Sciral Consistency

Sciral Consistency 1.1

To-do list manager for repetitive tasks


  • Specially designed for tasks that are repeated along time


  • Confusing interface
  • No options for collaborative tasks or projects

Not bad

Sciral Consistency is a task management tool that differs from other similar programs because it's intended to help you tracking repetitive tasks that usually take a few days to be completed.

Every time you create a new task, the program asks for the start date and the given range of period to complete it. Once in your list, you can mark the task completion each day and then the task range expands automatically. The process looks somewhat messy at the beginning, but you'll get the knack of it in no time. Plus, there's a very complete documentation that explains it thoroughly.

Sciral Consistency is meant to be used on a individual basis, but I personally think it wouldn't hurt to add some collaborative options, so that you can also use the program to track group tasks and projects involving more people.

Manage and track frequent repetitive tasks easily.

Calendars are great for keeping track of tasks where you need to coordinate with others by setting fixed times and intervals.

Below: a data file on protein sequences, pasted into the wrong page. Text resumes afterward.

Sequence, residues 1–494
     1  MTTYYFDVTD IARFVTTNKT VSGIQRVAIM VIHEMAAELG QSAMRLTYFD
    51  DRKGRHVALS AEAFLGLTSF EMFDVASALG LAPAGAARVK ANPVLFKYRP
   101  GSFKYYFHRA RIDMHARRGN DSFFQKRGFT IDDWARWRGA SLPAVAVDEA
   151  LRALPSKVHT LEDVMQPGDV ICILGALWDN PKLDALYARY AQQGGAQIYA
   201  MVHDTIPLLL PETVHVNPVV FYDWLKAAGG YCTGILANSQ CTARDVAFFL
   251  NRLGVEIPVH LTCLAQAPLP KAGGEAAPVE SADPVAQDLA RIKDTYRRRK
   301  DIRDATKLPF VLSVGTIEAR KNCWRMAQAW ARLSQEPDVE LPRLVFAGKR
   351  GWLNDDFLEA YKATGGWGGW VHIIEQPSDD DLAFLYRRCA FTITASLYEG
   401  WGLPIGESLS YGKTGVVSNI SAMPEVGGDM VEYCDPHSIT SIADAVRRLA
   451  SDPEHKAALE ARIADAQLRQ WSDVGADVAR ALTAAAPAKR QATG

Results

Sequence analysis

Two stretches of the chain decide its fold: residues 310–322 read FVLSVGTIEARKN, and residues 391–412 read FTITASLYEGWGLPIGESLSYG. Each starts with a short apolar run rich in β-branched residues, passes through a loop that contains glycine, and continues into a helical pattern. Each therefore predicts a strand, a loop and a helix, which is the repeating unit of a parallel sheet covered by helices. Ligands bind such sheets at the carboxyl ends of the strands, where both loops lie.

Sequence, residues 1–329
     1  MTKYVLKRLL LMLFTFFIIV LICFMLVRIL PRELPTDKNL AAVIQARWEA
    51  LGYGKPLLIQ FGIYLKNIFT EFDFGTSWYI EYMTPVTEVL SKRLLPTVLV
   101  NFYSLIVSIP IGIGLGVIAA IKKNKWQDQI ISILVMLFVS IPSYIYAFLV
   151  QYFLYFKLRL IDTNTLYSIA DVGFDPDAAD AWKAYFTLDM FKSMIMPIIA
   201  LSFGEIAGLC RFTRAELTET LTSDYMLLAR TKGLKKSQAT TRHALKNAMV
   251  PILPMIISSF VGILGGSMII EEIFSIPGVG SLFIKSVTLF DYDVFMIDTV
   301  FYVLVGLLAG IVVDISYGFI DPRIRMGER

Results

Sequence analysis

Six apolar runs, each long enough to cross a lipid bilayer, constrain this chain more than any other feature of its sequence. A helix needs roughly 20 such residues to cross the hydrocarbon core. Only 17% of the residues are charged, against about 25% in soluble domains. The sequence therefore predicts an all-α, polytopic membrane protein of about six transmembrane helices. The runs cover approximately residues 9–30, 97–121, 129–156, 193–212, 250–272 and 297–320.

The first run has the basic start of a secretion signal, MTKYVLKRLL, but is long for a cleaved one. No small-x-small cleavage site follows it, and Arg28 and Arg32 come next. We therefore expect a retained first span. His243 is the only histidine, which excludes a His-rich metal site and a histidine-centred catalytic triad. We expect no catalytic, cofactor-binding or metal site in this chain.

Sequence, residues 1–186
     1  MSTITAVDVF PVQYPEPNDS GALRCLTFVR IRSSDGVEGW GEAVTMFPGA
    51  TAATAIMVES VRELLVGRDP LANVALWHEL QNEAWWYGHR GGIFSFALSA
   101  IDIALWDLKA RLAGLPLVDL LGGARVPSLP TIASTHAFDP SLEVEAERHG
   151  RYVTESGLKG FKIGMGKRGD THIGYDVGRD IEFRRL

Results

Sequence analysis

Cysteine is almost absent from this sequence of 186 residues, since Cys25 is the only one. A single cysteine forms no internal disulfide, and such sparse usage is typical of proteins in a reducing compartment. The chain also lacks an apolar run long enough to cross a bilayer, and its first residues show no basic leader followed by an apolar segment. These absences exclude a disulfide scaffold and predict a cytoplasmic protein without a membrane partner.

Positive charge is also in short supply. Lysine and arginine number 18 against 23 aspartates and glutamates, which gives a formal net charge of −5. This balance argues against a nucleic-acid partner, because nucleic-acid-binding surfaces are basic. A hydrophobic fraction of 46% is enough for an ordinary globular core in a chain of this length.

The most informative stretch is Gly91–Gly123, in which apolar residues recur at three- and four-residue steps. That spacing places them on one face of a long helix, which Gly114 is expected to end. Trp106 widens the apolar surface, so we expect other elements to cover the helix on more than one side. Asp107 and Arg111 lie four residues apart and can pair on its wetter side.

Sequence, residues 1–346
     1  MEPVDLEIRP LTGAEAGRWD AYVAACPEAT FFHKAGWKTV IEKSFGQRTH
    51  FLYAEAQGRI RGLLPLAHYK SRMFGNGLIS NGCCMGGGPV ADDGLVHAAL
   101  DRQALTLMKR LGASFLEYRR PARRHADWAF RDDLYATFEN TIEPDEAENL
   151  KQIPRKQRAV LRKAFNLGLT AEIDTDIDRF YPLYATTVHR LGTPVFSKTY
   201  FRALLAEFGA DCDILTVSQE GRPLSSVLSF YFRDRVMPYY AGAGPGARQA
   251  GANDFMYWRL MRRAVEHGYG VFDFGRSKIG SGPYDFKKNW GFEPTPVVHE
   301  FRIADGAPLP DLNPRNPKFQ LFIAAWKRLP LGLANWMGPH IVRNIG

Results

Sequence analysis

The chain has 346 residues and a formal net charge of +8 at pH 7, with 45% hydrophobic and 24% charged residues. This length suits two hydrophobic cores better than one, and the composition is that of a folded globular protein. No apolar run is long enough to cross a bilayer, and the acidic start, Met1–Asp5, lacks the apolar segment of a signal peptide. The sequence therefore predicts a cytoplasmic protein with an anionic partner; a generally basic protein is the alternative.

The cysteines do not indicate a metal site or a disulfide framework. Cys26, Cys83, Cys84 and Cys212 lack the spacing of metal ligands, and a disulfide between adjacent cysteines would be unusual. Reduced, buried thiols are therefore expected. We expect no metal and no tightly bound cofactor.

To-do lists are great for keeping track of tasks that you will do once, and that you need to keep in order by priority.

But there's another class of activities for which neither traditional calendars nor to-do lists are optimal. If you already use a calendar and a to-do list, you're probably trying to wedge these tasks into those tools, without realizing that they really call for a new kind of tool. Sciral Consistency is that tool.

The kinds of activities or tasks you use Sciral Consistency for share a number of attributes:

  • They don't have deadlines or rigid time intervals associated with them.
  • In order to gain and retain their benefits, you must perform them on a regular basis over a long period of time.
  • The ideal amount of time that elapses between completions of a particular task are unique to that task. To gain the maximum benefit you shouldn't do them too frequently or infrequently.
  • They can be carried out by you with minimal or no coordination with other people.
  • They are often “routine” tasks for which you have not firmly established a habit of carrying them out as second nature.
  • They are (in the words of Stephen Covey) "important, but not urgent."

In addition, feedback on how consistently you're performing each of these tasks is critical to evaluating how well you're supporting your core values on a long-term basis.

Sciral Consistency


Sciral Consistency 1.1

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